This is a guest post written by Tawedzerwa Ngundu who is a Senior Economist at the Reserve Bank of Zimbabwe and is currently undertaking an International Leadership Training in German under a Scholarship from the German Ministry of Economic Development and Trade Promotion. He did an Internship at Bertelsmann for close to 2 months from March to May 2012.
Unemployment has emerged as the greatest challenge facing the world today exacerbated by the poor and uninspiring economic recovery from the recent Global Economic Crisis. The unemployment problem is more acute with young people in general; young people being three times as likely as adults to be unemployed. As a result, a host of policy measures have been adopted by different regions and countries to fight this scourge. A cursory analysis of these measures shows a wide use of concessionary youth entrepreneurship funds to support employment creation in developing countries, particularly in sub-Saharan Africa. However, the failure of the youth entrepreneurship funding to generate employment despite its wide application, has called into question its effectiveness. In most countries youth entrepreneurship funds have not only suffered huge default rates but even in cases where the funds have been repaid, the earmarked employment objectives would have rarely been achieved.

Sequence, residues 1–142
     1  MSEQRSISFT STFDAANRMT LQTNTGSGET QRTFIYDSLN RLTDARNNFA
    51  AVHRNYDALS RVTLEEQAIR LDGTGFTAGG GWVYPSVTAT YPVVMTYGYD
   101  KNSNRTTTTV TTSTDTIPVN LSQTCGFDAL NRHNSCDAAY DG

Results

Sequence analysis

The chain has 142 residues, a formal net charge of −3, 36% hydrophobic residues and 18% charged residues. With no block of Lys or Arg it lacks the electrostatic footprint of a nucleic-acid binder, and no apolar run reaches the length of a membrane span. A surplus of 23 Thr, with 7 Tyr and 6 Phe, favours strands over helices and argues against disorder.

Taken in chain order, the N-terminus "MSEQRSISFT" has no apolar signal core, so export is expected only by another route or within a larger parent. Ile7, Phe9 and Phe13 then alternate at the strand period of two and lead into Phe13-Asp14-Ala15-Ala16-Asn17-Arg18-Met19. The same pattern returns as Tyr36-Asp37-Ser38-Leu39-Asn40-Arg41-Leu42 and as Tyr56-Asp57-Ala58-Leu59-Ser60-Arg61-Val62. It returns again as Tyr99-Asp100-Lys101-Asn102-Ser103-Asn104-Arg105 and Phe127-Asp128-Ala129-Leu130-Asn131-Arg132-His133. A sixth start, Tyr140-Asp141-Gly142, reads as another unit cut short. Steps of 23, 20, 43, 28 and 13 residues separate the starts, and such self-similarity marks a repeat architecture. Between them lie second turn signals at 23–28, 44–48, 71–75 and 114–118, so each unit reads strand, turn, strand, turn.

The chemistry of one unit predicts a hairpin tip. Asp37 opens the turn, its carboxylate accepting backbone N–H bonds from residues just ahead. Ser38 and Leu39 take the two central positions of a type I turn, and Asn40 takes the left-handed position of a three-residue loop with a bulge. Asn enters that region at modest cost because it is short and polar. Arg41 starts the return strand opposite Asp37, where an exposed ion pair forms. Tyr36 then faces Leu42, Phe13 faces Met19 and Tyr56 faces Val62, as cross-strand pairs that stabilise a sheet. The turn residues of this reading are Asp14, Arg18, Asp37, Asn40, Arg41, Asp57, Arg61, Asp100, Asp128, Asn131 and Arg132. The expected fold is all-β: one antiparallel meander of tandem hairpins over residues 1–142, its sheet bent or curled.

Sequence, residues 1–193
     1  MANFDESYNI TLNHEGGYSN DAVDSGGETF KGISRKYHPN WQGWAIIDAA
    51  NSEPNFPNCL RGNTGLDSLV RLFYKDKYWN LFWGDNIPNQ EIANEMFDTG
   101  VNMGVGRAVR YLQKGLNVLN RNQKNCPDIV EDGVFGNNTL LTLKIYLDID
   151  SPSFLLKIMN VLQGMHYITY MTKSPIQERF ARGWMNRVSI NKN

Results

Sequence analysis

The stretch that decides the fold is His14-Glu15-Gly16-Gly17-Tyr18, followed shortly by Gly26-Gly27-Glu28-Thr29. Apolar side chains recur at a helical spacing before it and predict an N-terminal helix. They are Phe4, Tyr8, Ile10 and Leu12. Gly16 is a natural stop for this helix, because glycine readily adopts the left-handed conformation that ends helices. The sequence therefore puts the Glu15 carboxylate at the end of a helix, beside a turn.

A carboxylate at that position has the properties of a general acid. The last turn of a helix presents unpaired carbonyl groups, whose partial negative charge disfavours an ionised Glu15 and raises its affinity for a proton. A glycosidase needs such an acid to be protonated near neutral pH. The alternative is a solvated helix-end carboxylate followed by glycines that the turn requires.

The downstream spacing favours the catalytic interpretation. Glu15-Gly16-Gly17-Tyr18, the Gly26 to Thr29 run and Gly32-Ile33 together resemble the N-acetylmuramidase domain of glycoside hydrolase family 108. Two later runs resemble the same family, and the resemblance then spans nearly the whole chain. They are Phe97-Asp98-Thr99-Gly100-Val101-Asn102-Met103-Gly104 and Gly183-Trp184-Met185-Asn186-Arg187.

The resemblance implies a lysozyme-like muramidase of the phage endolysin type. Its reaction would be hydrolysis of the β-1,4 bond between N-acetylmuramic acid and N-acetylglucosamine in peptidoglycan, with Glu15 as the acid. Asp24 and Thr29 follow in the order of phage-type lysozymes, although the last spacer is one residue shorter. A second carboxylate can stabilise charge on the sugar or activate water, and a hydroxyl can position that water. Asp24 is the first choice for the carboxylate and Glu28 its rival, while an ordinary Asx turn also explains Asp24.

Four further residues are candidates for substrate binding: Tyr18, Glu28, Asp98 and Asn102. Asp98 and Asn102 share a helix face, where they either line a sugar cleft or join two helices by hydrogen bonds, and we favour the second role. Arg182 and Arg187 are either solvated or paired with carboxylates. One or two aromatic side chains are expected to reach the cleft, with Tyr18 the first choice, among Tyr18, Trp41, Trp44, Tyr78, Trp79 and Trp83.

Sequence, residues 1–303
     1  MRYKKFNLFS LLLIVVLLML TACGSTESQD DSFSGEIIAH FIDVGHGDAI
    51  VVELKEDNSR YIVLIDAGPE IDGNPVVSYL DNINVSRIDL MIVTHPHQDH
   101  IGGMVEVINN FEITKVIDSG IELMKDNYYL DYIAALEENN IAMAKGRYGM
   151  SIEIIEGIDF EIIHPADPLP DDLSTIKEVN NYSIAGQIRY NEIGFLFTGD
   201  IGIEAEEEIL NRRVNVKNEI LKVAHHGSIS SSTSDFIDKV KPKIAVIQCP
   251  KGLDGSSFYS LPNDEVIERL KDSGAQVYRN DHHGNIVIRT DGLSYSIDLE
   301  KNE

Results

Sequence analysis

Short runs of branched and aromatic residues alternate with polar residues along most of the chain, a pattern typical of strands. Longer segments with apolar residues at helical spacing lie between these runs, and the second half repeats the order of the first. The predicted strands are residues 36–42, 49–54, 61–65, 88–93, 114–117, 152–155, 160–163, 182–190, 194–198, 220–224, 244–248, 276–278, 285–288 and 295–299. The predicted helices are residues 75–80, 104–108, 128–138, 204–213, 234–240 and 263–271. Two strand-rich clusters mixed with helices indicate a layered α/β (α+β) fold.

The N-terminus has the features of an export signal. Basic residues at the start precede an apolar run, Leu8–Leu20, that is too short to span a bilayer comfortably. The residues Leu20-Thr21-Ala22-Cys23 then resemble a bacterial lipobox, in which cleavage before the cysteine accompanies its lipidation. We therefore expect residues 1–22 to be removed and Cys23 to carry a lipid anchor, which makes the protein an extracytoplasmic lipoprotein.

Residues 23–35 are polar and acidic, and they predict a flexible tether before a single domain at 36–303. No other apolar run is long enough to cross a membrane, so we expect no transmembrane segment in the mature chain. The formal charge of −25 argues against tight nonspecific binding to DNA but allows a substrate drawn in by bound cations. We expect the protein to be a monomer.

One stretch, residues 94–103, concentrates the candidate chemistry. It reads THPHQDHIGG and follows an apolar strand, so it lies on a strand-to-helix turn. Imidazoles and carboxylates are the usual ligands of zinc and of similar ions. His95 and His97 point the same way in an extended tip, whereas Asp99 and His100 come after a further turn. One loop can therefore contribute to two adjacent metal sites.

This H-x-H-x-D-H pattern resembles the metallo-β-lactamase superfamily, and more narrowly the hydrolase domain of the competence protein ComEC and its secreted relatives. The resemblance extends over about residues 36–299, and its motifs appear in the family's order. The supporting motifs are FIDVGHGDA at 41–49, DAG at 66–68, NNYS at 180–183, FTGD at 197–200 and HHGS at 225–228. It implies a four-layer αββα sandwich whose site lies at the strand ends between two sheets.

I would like to argue that the continued use of youth entrepreneurship funds have to some greater extent benefited from the poor measurement of the employment objectives and results. In Zimbabwe, for example employment entrepreneurship fund reports emphasize the amount of disbursements, the spatial distribution of the disbursed funds and the earmarked jobs to be created. Information on actual jobs created is missing. In few cases where actual numbers of people that have been employed are reported, critical information in terms of the longevity of the employment would be missing. Most of the jobs created are only maintained during the duration of the loan or grant period and would not be sustained in the absence of the support. Fundamentally disturbing is the fact that, in very minority of cases in which the 2 foregoing results are tabulated, still decency aspects of the job would not be reported. In most instances, the jobs created under youth funding suffer from low pay levels, poor working conditions and most importantly lack social security. Finally, there has been a tendency to overemphasize successful case/s, which normally account at the very most for 10% while ignoring the remaining 90% failures. While there is general consensus that we need to learn from success stories, this should not be done with the intention to hide failures normally inherent in the program. It is in light of this apparent measurement and assessment challenges that I think it is critical that the reporting framework be comprehensive, incorporating sustainability and decency aspects of the jobs created under youth entrepreneurship funds. To buttress this, authorities should also provide an analysis highlighting the costs and benefits of other alternatives to youth entrepreneurship funds before undertaking the programme and avoid unchecked continuous rollovers of this instrument.